I'm a [former] robotics software engineer. Can I still help if I don't have a tractor?

For several years, my day job involved testing & developing underwater robots to navigate and do “work” in the ocean (covering an area to take pictures and water quality measurements). That involved a lot of skills and experience that also seem relevant here:

  • Being able to decode data in a variety of sensor formats, e.g. NMEA
  • Figuring out where the heck we are and where we want to be
  • Sending commands to various motors to keep things on track (without overcompensating, driving wildly, etc)
  • Recording good data so that if things go sideways we know what part of the code to fix
  • Creating ways to visualize data on Google Earth or other graph/chart options

Is there any way I can be useful to this community?


Welcome to the community! Well definitely, probably one of the best ways is to overlook the project and figure out areas that could have improvement with a solution. One of the big things/wants is to be able to have google earth as a background, but the GE api has changed so much over the years, its gotten quite hard to use with WinForms.

Steer motor control is certainly an area to look over given your skill set


GE integration would be a great feature.

Then again, I do kind of like the rawness of it as it stands. It’s clear where you have been, uncluttered.

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Is there a document somewhere that describes the general hardware/software architecture that you use? If not, what does this group typically use to share such things?

One of the things I’ve done in the past is a unit testing system for Arduino, which would allow folks to test their libraries without having to duplicate each others’ hardware setups.

The other one is a Google Earth integration that I wrote for ship traffic, but could probably be adapted (in a straightforward way) to showing other data – hence my question about the formats that are used.

If someone has a text file with output to convert to Google Earth format, I can start from there.

Also, would you be willing to set up a GitHub group to capture a collection of open source Ag projects?

Even without a tractor, a smaller robot (with ackerman steering for example) could be used with AOG. Or a small lawn mower. And some of us are interested in using AOG on swathers, which use differential steering instead of an ackerman-style rack and pinion.

Documenting in detail in place the various algorithms used in AOG would be interesting too. With references back to AOG particulars maybe (the data structures it uses).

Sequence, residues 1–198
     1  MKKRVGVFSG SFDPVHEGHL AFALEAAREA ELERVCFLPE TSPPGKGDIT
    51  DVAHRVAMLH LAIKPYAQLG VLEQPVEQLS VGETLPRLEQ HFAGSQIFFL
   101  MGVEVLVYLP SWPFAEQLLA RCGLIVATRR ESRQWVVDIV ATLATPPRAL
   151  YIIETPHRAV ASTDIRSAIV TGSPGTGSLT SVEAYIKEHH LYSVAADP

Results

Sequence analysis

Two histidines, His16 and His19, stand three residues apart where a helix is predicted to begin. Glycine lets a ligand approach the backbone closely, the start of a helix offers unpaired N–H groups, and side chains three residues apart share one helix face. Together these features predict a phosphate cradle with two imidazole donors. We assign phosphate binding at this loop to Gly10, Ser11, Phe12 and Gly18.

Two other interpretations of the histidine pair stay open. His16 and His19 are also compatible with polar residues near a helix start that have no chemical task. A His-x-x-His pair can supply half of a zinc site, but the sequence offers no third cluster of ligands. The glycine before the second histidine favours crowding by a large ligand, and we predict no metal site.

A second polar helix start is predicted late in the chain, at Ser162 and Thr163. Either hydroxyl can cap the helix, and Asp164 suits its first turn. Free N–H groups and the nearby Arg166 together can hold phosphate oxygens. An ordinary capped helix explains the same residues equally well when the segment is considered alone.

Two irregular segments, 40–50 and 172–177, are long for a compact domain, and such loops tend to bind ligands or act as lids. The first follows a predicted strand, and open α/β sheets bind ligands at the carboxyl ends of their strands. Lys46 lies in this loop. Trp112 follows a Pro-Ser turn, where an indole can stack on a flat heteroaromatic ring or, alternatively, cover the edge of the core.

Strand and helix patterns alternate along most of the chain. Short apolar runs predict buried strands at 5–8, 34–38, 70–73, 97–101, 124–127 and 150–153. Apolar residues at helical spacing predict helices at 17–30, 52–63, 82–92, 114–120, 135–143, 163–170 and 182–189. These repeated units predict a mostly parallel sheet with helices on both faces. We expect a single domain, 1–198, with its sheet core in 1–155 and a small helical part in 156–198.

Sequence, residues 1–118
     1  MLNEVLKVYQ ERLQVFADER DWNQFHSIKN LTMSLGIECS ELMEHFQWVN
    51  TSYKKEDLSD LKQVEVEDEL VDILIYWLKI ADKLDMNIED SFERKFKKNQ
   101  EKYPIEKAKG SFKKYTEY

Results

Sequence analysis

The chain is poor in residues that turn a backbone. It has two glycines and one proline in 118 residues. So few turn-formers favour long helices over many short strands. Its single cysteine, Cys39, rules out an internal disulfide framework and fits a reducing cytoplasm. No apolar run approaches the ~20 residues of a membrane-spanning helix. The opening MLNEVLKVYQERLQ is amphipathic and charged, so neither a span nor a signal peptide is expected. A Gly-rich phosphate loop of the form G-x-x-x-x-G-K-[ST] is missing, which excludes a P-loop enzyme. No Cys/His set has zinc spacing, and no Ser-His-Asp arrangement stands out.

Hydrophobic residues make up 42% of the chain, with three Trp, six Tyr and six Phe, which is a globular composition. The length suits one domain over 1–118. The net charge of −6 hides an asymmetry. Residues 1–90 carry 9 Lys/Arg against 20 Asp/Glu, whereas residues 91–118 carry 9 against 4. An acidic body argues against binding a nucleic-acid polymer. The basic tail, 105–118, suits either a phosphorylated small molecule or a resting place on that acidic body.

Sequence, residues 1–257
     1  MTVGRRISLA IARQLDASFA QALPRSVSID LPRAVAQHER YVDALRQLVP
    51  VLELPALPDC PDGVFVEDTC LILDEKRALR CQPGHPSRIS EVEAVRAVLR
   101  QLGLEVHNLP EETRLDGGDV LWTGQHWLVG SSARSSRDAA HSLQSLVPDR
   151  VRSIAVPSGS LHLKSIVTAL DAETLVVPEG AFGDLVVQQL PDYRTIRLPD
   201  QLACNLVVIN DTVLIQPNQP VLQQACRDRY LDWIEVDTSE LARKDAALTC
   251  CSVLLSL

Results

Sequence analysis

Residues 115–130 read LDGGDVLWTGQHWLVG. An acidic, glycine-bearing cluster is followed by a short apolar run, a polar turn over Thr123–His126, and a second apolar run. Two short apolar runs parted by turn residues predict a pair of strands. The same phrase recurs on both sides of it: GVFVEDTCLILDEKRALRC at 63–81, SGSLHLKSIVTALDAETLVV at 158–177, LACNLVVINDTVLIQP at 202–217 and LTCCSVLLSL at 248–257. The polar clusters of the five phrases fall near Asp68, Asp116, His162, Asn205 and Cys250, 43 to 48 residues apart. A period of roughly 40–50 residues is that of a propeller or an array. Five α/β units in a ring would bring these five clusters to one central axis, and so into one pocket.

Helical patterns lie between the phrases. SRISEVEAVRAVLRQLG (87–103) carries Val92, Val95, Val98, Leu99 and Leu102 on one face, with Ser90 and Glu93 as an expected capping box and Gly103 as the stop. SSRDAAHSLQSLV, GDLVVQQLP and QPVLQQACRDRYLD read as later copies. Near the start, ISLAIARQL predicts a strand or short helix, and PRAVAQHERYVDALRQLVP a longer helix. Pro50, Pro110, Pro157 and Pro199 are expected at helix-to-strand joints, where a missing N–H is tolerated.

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Documentation always suffers in a DIY/Open Source community - but that is being worked on now.

Even without documentation, if there is a place that I can find some sample data files then that might get me started.

For example, what kind of data would you like to display in Google Earth?

Actually have google earth as the background in AgOpen. There is a really good kml streamer already that works well, but you are more then welcome to see if it can do better

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@ianfixes, kalman-filter skills might be also a benefit for the project. Maybe you have experience in it?

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I do have some experience working with Kalman (and EKF) navigation stuff, but the broader question in all of those cases is “how does the data arrive and how does it get sent out”. Typically in robotics we have a lot of different components all reading and writing data collaboratively, and there are a lot of pros and cons to whether you write one monolithic process or just create a bunch of modular components around a common communication architecture.

I would think that for this particular application, the design goal is “able to be fixed in the field by someone who isn’t primarily a software developer”.

So I guess this is a long way of saying that no matter how I end up contributing (Kalman stuff or otherwise) my first step is understanding what parts you all work with and how they interconnect.

I am (hardly!) trying to work with Web Map Services (WMS, WFS, WMTS???) using Server / client HTTP request… Could be useful for “live” maps layers to be added…;
Tough! do you know this technique?

I’ve never worked with Web Map Services in particular, but that sounds like just another format to learn.

What does everyone use as their “main” view of their work, and is there a separate tool for in-the-tractor vs analyzing-at-home-afterwards?